BlackBerry (BBRY) is in desperate straits. There have been rumors going around that Google (GOOG) would be interested in buying BlackBerry. We believe Google likely is not interested in BlackBerry for a number of strategic, and technological reasons. The patent portfolio of BlackBerry we believe is overpriced and real numbers of what it would go for are much lower than most expect.
We do not believe BlackBerry patents are as valuable as some claim due to a report by patent valuation expert Florian Mueller:
"BlackBerry never went out to sue someone," Mr. Mueller said. "This portfolio is untested in litigation."
The fact is that most BlackBerry patents have been used for defensive, not offensive purposes so a buyer looking to profit from patents may not be able to leverage them.
BlackBerry will likely be sold off in scraps on the cheap:
"Michael Lazaridis, the co-founder of BlackBerry who severed all corporate ties with the company this past March, has expressed concern about the company being torn apart. "It's really hurting me," he told The Globe and Mail. "Everyone is talking about the most likely scenario being that it will be broken up and sold off for parts."
"It may seem like a distant memory now, but just a few years ago BlackBerry was the premier mobile gadget on the market. The device was so ubiquitous on Wall Street and Capitol Hill that it earned the nickname CrackBerry. As recently as 2009, BlackBerry was named by Fortune magazine as the fastest growing company in the world, with earnings exploding by 84% a year. Times have changed. Since 2009, BlackBerry's stock price has collapsed by a vertigo-inducing 90% to under $7 at its low point last summer.
Today, BlackBerry has fallen to the back of the smartphone pack - with a minuscule 3% of the market - as Apple's iPhone and Google's Android operating system have come to dominate the market. BlackBerry's decline has become a case study about what happens when a tech giant fails to innovate in a consumer-technology market evolving at breakneck speed. In a sign of the times, Apple said on Monday it sold a record 9 million units of its latest iPhone devices during the first weekend they were on sale."
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BlackBerry has tried in the past to allow Android on their devices, but it failed:
"In a conference call this morning, the new CEO of RIM, Thorsten Heins, announced that BlackBerry 10 smartphones will have an Android player, allowing them to run third-party software created for this rival platform.
Heins, who took over for former co-CEOs Jim Balsillie and Mike Lazardis this weekend, made it evident that BlackBerry 10 phones will have the opportunity to contain more third-party applications -- the company has been heavily criticized in the past for the limited supply of these."
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Google is actively recruiting talent regardless in the HQ Area of BlackBerry (Waterloo, Ontario):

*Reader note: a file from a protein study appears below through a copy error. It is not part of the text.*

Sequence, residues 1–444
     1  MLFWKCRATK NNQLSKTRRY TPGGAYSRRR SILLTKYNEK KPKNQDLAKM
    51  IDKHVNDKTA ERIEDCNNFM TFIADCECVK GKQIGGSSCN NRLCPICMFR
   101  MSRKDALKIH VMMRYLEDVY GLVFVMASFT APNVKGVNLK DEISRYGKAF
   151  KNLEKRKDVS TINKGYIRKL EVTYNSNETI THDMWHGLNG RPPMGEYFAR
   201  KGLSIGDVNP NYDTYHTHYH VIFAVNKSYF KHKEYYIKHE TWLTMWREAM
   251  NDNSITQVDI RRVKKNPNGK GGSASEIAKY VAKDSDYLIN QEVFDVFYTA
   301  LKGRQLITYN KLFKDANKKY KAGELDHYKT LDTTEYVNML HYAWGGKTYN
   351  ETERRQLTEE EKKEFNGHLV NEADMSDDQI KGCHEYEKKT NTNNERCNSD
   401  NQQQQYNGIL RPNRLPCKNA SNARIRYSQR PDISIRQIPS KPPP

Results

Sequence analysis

"Motorola Mobility said on Thursday it plans to set up a new hub in Waterloo, located about an hour's drive west of Toronto.
We have a small space right now and we're looking to grow considerably, said Derek Phillips,engineering director for Motorola Canada. He declined to specify the number of new hires expected, but said the company was seeking computer science and engineering talent. Google acquired Motorola Mobility last year in a $12.5 billion deal that gave it ownership of a large portfolio of communications patents. It has since moved to revamp the company's money-losing mobile phone business."
Now what gets thrown a lot in regards to BlackBerry is the huge value of their patents. We respectfully disagree:
"But not all BlackBerry's patents are as valuable as they used to be. For example, the company's group of patents related to physical keyboards may have been hugely valuable six years ago, when such devices were the industry norm. In recent years, as most consumers have opted for touchscreen devices, the patents may have become much less useful to other manufacturers.
In a sum-of-the-parts valuation, senior Bernstein Research analyst Pierre Ferragu estimates the value of BlackBerry's portfolio at between $800-million and $1.5-billion, depending on how many of the patents relate to previous generations of wireless technology. For many analysts, who often attribute zero value to some other parts of BlackBerry's business, patents represent the most lucrative portion of the company.
Ultimately, the value of the patent portfolio will be determined only by what a potential buyer is willing to pay - and, so far, there has been little interest from the same companies who clamoured for a piece of Nortel's arsenal just two years ago."
In conclusion, we believe Google is only officially looking at BlackBerry to gain trade secrets on how to improve operations of their Android empire. We would not recommend buying BlackBerry shares in anticipation of some hug bid coming out that is not likely to occur for the reasons mentioned above.